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Space Station View of Grand Canyon National Park

To celebrate the centennial of the U.S National Park Service, Expedition 48 Commander Jeff Williams of NASA has taken hundreds of images of national parks from his vantage point in low Earth orbit, aboard the International Space Station. Here, a series of Williams' photographs are assembled into this composite image of the Grand Canyon. via NASA

Final: Dodgers 1 Giants 0. WP: LAD R Hill (10-3) LP: SF J Cueto (14-4) SV: LAD K Jansen (37) (ESPN)

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Curiosity at Murray Buttes on Mars

What are these unusual lumps on Mars? As NASA's robotic Curiosity rover continues rolling across Mars, it is now approaching Murray Buttes. Several of the 15-meter high buttes are visible ahead in this horizontally compressed 360-degree across image taken inside Gale Crater earlier this month. The buttes are thought similar to Earth buttes in that they are capped with dense rock that is relatively resistant to erosion. In the image center is Curiosity's "arm" and "hand" used to examine rocks up close, drill into rocks, and collect samples. Curiosity has reached its four year anniversary on Mars and has been cleared to spend the next two years further exploring the slopes of Mount Sharp, the peak of which is the distant light-colored structure visible on the far left. via NASA

Dodgers: Rich Hill works 6 scoreless innings in team debut vs. Giants, allows 5 hits with 3 strikeouts (ESPN)

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MLB: Johnny Cueto (14-3, 2.90 ERA) leads Giants, as Rich Hill makes his Dodgers debut; watch live in the ESPN App (ESPN)

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New NASA Record Holder For Cumulative Days in Space

On Aug. 24, 2016, Station Commander Jeff Williams passed astronaut Scott Kelly, also a former station commander, for most cumulative days living and working in space by a NASA astronaut (520 days and counting). Williams is scheduled to land Sept. 6, 2016, for a record total of 534 days in space. via NASA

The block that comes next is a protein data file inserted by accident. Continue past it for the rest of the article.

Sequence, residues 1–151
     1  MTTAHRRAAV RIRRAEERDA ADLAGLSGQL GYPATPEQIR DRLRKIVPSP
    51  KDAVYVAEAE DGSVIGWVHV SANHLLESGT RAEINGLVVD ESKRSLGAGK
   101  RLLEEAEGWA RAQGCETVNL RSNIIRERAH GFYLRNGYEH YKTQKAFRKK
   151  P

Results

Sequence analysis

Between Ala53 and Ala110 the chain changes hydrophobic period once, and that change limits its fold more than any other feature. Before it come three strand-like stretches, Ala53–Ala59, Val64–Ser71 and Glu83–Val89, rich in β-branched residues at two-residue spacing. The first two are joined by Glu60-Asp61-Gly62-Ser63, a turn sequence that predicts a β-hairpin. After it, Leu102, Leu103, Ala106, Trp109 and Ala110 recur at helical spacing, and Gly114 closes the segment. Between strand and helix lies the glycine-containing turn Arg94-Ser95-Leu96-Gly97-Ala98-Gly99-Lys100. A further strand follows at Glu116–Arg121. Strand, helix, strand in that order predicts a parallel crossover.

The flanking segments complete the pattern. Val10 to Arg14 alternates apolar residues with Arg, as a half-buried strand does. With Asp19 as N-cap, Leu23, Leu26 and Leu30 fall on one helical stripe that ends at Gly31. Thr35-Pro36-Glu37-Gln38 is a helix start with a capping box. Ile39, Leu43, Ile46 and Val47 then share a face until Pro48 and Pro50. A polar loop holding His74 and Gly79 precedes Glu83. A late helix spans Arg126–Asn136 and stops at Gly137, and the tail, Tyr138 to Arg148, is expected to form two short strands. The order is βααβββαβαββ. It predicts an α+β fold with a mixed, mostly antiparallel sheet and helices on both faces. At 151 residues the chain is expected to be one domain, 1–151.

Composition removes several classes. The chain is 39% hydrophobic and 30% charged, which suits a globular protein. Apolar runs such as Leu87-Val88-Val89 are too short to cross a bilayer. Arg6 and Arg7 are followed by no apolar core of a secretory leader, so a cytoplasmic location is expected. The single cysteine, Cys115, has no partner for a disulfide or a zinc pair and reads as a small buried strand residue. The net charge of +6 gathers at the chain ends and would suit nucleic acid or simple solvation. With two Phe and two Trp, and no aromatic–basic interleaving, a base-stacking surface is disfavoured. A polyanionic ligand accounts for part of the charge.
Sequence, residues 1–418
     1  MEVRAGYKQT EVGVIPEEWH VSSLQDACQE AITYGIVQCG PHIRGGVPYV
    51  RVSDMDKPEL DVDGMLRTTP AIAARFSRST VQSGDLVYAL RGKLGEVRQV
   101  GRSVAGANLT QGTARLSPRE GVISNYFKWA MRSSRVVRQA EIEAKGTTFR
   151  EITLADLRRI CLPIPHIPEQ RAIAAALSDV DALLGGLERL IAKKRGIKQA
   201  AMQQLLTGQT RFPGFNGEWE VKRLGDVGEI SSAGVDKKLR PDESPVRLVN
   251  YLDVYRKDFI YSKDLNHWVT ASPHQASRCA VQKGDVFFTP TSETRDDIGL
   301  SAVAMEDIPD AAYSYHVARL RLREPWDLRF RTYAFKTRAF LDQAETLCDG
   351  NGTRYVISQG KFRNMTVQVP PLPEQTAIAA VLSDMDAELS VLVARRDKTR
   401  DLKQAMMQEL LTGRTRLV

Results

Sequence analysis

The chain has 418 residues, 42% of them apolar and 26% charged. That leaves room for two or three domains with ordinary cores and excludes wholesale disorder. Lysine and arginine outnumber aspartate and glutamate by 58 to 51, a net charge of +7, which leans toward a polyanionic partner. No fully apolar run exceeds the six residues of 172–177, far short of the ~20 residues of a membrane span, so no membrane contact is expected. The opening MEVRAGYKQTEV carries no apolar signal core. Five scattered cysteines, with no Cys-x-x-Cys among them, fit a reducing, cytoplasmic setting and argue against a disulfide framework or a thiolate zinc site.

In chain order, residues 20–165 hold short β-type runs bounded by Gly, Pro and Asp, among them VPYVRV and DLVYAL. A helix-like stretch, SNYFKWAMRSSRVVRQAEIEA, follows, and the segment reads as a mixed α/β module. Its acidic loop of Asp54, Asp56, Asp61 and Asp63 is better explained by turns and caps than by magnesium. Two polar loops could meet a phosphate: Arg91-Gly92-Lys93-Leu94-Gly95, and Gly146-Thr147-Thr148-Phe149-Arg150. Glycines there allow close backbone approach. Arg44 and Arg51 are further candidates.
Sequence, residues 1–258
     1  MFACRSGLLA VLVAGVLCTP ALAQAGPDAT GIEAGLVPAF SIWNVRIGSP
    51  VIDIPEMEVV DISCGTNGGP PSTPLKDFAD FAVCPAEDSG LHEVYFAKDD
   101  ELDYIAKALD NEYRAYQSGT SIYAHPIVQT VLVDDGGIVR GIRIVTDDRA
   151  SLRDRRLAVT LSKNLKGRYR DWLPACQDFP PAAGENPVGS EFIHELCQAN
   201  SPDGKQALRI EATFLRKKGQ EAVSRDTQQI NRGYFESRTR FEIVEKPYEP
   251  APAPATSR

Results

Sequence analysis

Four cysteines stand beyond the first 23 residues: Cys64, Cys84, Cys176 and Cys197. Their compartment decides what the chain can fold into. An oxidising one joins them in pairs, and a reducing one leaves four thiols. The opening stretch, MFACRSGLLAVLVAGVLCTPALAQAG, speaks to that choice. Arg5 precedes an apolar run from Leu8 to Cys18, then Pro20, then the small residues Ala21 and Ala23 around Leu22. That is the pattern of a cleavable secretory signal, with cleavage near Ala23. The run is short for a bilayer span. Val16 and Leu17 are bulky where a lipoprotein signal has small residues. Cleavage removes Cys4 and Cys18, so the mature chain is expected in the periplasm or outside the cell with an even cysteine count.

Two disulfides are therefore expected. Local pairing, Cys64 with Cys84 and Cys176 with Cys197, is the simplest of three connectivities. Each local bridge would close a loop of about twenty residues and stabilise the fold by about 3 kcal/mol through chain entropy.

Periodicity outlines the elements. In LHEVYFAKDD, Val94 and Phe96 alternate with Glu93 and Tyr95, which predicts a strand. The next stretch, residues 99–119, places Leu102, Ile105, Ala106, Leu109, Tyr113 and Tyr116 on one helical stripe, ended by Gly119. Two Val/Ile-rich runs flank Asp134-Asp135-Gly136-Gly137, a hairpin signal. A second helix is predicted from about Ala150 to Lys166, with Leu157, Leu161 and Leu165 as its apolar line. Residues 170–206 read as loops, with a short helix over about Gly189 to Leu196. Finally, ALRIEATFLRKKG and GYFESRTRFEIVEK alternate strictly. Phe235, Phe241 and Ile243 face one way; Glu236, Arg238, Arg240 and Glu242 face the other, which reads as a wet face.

Final: Dodgers 9 Giants 5. WP: LAD K Maeda (13-7) LP: SF M Bumgarner (12-8) SV: LAD K Jansen (36) (ESPN)

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Spacewalkers Successfully Install New Docking Adapter for Commercial Crew Flights

Expedition 48 Commander Jeff Williams (shown here) and Flight Engineer Kate Rubins of NASA successfully installed the first of two international docking adapters Friday Aug. 19, 2016, during a five hour and 58-minute spacewalk. On Sept. 1, the two astronauts will spacewalk outside the space station for the second time in less than two weeks. via NASA

Tutulemma: Solar Eclipse Analemma

If you went outside at exactly the same time every day and took a picture that included the Sun, how would the Sun's position change? With great planning and effort, such a series of images can be taken. The figure-8 path the Sun follows over the course of a year is called an analemma. At the Winter Solstice in Earth's northern hemisphere, the Sun appears at the bottom of the analemma. Analemmas created from different latitudes appear at least slightly different, as well as analemmas created at a different time each day. With even greater planning and effort, the series can include a total eclipse of the Sun as one of the images. Pictured is such a total solar eclipse analemma or Tutulemma - a term coined by the photographers based on the Turkish word for eclipse. The featured composite image sequence was recorded from Turkey starting in 2005. The base image for the sequence is from the total phase of a solar eclipse as viewed from Side, Turkey on 2006 March 29. Venus was also visible during totality, toward the lower right. If you want to create your own USA-based tutulemma ending at next August's total solar eclipse, now would be good time to start. via NASA

A Moon's Contrasts

Dione reveals its past via contrasts in this view from NASA's Cassini spacecraft. via NASA

Final: Giants 8 Mets 1. WP: SF J Cueto (14-3) LP: NYM S Lugo (0-2) (ESPN)

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Fuselage of NASA's Future X-57 Maxwell All-Electric Aircraft

As NASA celebrates National Aviation Day, the agency's innovators are working to transform air transportation to meet the future needs of the global aviation community. The agency is embarking on a 10-year plan, New Aviation Horizons, that will see NASA field a number of experimental aircraft to demonstrate 21st century ideas for flight. via NASA

Final: Pirates 4 Giants 3. WP: PIT A Bastardo (1-0) LP: SF D Law (4-2) SV: PIT T Watson (6) (ESPN)

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Five Planets and the Moon over Australia